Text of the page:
Here’s a step-by-step guide to help you overcome your fear of public speaking:
1. Prepare yourself mentally and physically
According to experts, we’re built to display anxiety and to recognize it in others. If your body and mind are anxious, your audience will notice. Hence, it’s important to prepare yourself before the big show so that you arrive on stage confident, collected and ready.
“Your outside world is a reflection of your inside world. What goes on in the inside, shows on the outside.” – Bob Proctor
Exercising lightly before a presentation helps get your blood circulating and sends oxygen to the brain. Mental exercises, on the other hand, can help calm the mind and nerves. Here are some useful ways to calm your racing heart when you start to feel the butterflies in your stomach:
If you’re nervous, chances are your body will feel the same way. Your body gets tense, your muscles feel tight or you’re breaking in cold sweat. The audience will notice you are nervous.
If you observe that this is exactly what is happening to you minutes before a speech, do a couple of stretches to loosen and relax your body. It’s better to warm up before every speech as it helps to increase the functional potential of the body as a whole. Not only that, it increases muscle efficiency, improves reaction time and your movements.
Here are some exercises to loosen up your body before show time:
Neck and shoulder rolls – This helps relieve upper body muscle tension and pressure as the rolls focus on rotating the head and shoulders, loosening the muscle. Stress and anxiety can make us rigid within this area which can make you feel agitated, especially when standing.
Arm stretches – We often use this part of our muscles during a speech or presentation through our hand gestures and movements. Stretching these muscles can reduce arm fatigue, loosen you up and improve your body language range.
Waist twists – Place your hands on your hips and rotate your waist in a circular motion. This exercise focuses on loosening the abdominal and lower back regions which is essential as it can cause discomfort and pain, further amplifying any anxieties you may experience.
Ever felt parched seconds before speaking? And then coming up on stage sounding raspy and scratchy in front of the audience? This happens because the adrenaline from stage fright causes your mouth to feel dried out.
To prevent all that, it’s essential we stay adequately hydrated before a speech. A sip of water will do the trick. However, do drink in moderation so that you won’t need to go to the bathroom constantly.
Try to avoid sugary beverages and caffeine, since it’s a diuretic – meaning you’ll feel thirstier. It will also amplify your anxiety which prevents you from speaking smoothly.
Meditation is well-known as a powerful tool to calm the mind. ABC’s Dan Harris, co-anchor of Nightline and Good Morning America weekend and author of the book titled10% Happier , recommends that meditation can help individuals to feel significantly calmer, faster.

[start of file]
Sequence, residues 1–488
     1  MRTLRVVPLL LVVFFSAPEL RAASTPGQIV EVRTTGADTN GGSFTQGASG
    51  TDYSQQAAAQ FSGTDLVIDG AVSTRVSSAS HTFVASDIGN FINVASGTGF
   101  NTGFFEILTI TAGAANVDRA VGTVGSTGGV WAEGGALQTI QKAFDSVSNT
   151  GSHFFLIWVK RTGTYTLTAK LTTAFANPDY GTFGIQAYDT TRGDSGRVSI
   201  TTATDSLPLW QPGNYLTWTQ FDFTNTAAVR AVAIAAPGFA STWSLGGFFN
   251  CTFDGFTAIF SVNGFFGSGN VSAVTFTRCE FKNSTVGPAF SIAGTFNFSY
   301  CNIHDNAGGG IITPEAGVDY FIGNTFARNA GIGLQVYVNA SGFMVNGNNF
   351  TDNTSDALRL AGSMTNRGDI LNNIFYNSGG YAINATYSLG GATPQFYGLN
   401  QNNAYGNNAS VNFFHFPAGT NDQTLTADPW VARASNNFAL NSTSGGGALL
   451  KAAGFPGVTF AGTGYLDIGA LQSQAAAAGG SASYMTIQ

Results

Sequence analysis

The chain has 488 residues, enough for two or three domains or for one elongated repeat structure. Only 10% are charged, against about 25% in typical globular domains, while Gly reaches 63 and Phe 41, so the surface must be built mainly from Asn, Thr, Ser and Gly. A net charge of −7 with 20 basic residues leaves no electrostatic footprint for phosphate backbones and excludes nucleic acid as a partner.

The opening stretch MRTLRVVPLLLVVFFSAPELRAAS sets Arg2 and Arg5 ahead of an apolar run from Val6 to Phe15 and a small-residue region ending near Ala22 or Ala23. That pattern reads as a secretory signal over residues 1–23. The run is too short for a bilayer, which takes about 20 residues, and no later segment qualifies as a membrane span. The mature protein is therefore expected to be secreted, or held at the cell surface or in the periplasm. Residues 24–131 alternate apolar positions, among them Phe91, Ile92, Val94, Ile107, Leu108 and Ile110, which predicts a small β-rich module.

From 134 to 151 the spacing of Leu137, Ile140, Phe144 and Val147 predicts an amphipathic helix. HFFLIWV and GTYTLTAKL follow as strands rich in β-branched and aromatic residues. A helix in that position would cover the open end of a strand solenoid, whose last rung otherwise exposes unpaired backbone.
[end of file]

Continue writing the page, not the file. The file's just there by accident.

Meditation is like a workout for your mind. It gives you the strength and focus to filter out the negativity and distractions with words of encouragement, confidence and strength.
Mindfulness meditation, in particular, is a popular method to calm yourself before going up on the big stage. The practice involves sitting comfortably, focusing on your breathing and then bringing your mind’s attention to the present without drifting into concerns about the past or future – which likely includes floundering on stage.
Here’s a nice example of guided meditation before public speaking:
2. Focus on your goal
One thing people with a fear of public speaking have in common is focusing too much on themselves and the possibility of failure.
Do I look funny? What if I can’t remember what to say? Do I look stupid? Will people listen to me? Does anyone care about what I’m talking about?’
Instead of thinking this way, shift your attention to your one true purpose – contributing something of value to your audience.
Decide on the progress you’d like your audience to make after your presentation. Notice their movements and expressions to adapt your speech to ensure that they are having a good time to leave the room as better people.
If your own focus isn’t beneficial and what it should be when you’re speaking, then shift it to what does. This is also key to establishing trust during your presentation as the audience can clearly see that you have their interests at heart.
3. Convert negativity to positivity
There are two sides constantly battling inside of us – one is filled with strength and courage while the other is doubt and insecurities. Which one will you feed?
‘What if I mess up this speech? What if I’m not funny enough? What if I forget what to say?’
It’s no wonder why many of us are uncomfortable giving a presentation. All we do is bring ourselves down before we got a chance to prove ourselves. This is also known as a self-fulfilling prophecy – a belief that comes true because we are acting as if it already is. If you think you’re incompetent, then it will eventually become true.
Motivational coaches tout that positive mantras and affirmations tend to boost your confidents for the moments that matter most. Say to yourself: “I’ll ace this speech and I can do it!”